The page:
Is Having Passion Enough to Get Your Dream Job?

Is Having Passion Enough for Your Dream Job

The topics of passion and work often come up together.  In today’s culture, many of us are told to “follow our passion” in regards to the pursuit of career success and happiness.  We have been trained and groomed to feel that passion is the basis for career decision making and a critical requirement for our success in any particular field. After all, if we have passion for our work, work never feels like work.  Right?

Unfortunately, passion by itself does very little to help us find success in our careers and even less for helping us secure the work we really want to do.

The truth is… No one cares about your passion except you.

What People Really Need In the Workforce

What people do care about is your skills, qualifications, experience, and ability to get the job done.  These factors are valued highly because they are tangible and measurable facets of your ability to achieve desirable results.  They have been “proven out” as key indicators of someone’s ability to perform well or deliver high quality and consistent results.

On the other hand, passion is intangible, it can not be measured by any standards other than the standard you personally measure it by.  Saying “I’m so passionate about …..” can mean many different things depending on the individual themselves and how they measure their passion.  It’s ambiguous.

But if someone says “I have a Master’s degree in this field”, that can be measured.  There was certain coursework that needed to be completed.  There was a certain amount of time and effort that needed to be invested.  A certain level of discipline and persistence was likely required to graduate with that degree.  It’s much easier for someone to see how having that Master’s degree can add value due to its ability to be measured in tangible ways.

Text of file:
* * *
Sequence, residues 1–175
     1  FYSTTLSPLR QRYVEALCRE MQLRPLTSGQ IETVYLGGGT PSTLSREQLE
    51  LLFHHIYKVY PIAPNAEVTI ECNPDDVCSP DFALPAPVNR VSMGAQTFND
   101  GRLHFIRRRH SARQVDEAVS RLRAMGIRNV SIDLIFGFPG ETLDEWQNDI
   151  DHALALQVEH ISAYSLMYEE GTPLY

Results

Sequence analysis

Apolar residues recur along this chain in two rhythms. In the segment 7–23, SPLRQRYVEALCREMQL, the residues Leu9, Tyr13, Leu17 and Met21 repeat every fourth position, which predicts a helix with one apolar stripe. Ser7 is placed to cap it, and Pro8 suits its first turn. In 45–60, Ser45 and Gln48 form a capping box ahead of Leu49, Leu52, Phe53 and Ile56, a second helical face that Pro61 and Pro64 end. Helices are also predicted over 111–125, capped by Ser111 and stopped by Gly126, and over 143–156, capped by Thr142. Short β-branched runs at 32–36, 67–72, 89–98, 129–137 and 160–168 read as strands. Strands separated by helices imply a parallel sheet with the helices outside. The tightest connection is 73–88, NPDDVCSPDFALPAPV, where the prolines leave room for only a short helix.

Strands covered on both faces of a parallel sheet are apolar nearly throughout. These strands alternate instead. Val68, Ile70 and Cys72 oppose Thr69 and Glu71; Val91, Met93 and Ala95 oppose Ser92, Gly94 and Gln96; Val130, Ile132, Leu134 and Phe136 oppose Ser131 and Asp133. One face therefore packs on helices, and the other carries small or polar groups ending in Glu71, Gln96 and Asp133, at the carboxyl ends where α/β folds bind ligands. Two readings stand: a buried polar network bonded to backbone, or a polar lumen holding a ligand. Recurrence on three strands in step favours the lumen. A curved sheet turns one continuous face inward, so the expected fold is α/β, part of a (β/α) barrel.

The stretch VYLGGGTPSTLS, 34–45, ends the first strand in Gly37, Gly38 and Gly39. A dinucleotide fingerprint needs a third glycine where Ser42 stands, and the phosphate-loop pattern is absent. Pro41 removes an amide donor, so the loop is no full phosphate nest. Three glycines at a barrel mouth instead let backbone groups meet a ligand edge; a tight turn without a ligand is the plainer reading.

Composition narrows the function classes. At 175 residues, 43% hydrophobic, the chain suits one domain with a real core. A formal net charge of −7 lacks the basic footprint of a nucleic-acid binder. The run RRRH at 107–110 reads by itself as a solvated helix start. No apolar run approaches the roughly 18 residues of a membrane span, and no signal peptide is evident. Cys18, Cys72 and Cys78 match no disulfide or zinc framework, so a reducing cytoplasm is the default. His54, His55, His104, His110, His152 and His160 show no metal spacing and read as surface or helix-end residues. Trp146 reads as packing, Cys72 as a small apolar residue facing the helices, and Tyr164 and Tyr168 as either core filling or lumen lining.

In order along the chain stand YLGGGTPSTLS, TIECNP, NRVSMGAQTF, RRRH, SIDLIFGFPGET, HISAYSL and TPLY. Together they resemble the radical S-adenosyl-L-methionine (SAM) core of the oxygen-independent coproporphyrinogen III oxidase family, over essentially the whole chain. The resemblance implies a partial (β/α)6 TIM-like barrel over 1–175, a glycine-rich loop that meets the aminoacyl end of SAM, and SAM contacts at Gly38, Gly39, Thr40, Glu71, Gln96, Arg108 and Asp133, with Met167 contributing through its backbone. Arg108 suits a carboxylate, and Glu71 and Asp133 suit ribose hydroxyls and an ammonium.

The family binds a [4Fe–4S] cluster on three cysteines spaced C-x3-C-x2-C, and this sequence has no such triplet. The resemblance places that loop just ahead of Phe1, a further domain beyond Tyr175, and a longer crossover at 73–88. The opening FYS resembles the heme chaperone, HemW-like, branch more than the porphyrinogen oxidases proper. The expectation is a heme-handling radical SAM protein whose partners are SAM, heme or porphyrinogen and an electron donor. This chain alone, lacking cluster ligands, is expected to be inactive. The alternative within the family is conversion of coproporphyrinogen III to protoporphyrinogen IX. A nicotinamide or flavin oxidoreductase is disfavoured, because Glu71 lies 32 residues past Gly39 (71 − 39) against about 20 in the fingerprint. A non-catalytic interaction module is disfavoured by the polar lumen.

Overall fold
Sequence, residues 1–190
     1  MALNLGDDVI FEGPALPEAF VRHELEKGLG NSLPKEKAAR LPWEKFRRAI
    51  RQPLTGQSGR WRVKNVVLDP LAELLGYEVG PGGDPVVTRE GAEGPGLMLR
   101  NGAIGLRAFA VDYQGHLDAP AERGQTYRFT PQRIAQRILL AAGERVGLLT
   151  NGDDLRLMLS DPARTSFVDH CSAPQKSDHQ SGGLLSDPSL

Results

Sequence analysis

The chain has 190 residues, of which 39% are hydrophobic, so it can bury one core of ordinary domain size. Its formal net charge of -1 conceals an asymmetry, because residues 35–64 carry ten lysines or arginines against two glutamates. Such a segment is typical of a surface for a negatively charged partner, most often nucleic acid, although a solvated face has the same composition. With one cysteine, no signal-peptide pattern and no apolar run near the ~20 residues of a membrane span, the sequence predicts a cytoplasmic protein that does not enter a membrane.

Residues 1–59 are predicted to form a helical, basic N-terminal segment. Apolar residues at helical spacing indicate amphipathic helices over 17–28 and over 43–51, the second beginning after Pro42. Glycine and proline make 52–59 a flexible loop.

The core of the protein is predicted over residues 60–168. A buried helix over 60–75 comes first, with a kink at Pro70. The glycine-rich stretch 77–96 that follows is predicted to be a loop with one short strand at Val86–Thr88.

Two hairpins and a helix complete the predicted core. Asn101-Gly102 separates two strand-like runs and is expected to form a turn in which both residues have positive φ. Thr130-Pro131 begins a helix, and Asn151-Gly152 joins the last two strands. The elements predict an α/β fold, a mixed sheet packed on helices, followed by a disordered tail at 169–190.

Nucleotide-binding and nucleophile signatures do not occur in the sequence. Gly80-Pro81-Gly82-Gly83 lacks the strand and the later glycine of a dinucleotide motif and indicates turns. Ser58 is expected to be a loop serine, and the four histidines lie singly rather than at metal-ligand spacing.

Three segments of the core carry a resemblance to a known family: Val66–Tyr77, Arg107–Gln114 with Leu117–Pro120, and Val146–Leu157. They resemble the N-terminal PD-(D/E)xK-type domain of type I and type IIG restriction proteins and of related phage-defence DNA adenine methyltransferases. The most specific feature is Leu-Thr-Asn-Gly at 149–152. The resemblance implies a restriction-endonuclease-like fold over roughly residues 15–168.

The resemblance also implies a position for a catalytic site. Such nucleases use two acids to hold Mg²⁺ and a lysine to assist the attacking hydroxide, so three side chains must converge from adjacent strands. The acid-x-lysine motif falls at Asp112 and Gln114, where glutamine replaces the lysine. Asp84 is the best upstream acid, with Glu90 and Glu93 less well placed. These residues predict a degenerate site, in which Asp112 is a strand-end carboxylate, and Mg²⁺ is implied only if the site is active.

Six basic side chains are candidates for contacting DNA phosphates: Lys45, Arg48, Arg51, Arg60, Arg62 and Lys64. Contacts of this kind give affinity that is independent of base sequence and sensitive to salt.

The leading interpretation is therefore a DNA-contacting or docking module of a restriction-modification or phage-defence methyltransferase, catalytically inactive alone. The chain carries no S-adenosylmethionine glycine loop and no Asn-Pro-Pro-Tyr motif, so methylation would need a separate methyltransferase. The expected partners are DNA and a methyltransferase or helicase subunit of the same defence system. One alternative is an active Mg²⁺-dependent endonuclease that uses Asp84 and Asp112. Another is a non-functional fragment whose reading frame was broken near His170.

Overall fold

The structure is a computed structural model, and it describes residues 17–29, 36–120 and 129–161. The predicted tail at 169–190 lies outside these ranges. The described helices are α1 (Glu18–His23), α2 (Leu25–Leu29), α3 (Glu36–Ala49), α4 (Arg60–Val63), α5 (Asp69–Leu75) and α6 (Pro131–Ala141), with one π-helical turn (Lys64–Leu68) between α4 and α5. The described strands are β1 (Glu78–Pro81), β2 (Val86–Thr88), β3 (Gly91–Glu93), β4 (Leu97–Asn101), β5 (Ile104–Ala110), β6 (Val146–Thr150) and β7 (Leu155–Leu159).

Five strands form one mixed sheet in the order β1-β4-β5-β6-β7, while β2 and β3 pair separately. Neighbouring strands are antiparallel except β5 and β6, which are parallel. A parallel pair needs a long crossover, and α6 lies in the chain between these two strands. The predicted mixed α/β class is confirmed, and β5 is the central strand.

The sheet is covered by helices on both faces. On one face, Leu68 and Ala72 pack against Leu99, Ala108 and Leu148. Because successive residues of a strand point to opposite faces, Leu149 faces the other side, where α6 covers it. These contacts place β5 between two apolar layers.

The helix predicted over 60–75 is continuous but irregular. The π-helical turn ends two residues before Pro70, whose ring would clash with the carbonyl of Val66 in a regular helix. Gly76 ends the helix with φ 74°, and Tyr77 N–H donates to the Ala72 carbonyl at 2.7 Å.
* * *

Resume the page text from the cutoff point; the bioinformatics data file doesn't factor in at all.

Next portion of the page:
Passion is simply not enough to find success in the working world.  It doesn’t matter what role you are in.  Your bosses and employers don’t care.  Your co-workers and colleagues don’t care.  If you work for yourself, your clients and customers don’t care.  All they care about is whether or not you can add or create value for them and passion simply isn’t the best indicator of that.  Your skills, experience, and other measurable qualifications are what will be most valued.

Passion Can Have Some Value, Though!

But let’s be clear, passion is not entirely worthless.  Being passionate about your line of work will benefit you by facilitating your ability to develop the skills, education, and qualifications that do ultimately matter.  It’s easier to learn something if you are passionate about it.  It’s easier to show up every day ready to perform and deliver results when you are passionate.  Passion is a way to kickstart the pursuit of mastery in a certain line of work, but ultimately, long term success will only be found by adding measurable and tangibles skills and qualifications to your passion.  Passion by itself will not lead to success.

And it just makes sense.  Anyone can have passion, but not everyone can do the job well.  Just like anyone can have an idea, only few can take it and see it through to completion.  If the job market requires individuals to have a specific certification for a certain position, no amount of “But I’m so passionate about this type of work!” is going to get you through the front door if you don’t have the necessary certification.  You need the skills first, the tried and true ability to get the job done well.  Only then can your passion be used as a cherry on the top to help you stand out above others similarly qualified.